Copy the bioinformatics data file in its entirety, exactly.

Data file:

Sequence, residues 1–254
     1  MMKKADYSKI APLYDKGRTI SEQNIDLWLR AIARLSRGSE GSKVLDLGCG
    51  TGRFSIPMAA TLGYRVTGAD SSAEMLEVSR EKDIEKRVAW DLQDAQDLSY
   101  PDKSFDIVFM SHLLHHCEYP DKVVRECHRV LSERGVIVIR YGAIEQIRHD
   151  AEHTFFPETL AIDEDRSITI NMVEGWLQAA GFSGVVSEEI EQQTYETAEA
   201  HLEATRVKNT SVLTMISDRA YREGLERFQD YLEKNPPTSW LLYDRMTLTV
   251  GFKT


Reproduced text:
Sequence, residues 1–254
     1  MMKKADYSKI APLYDKGRTI SEQNIDLWLR AIARLSRGSE GSKVLDLGCG
    51  TGRFSIPMAA TLGYRVTGAD SSAEMLEVSR EKDIEKRVAW DLQDAQDLSY
   101  PDKSFDIVFM SHLLHHCEYP DKVVRECHRV LSERGVIVIR YGAIEQIRHD
   151  AEHTFFPETL AIDEDRSITI NMVEGWLQAA GFSGVVSEEI EQQTYETAEA
   201  HLEATRVKNT SVLTMISDRA YREGLERFQD YLEKNPPTSW LLYDRMTLTV
   251  GFKT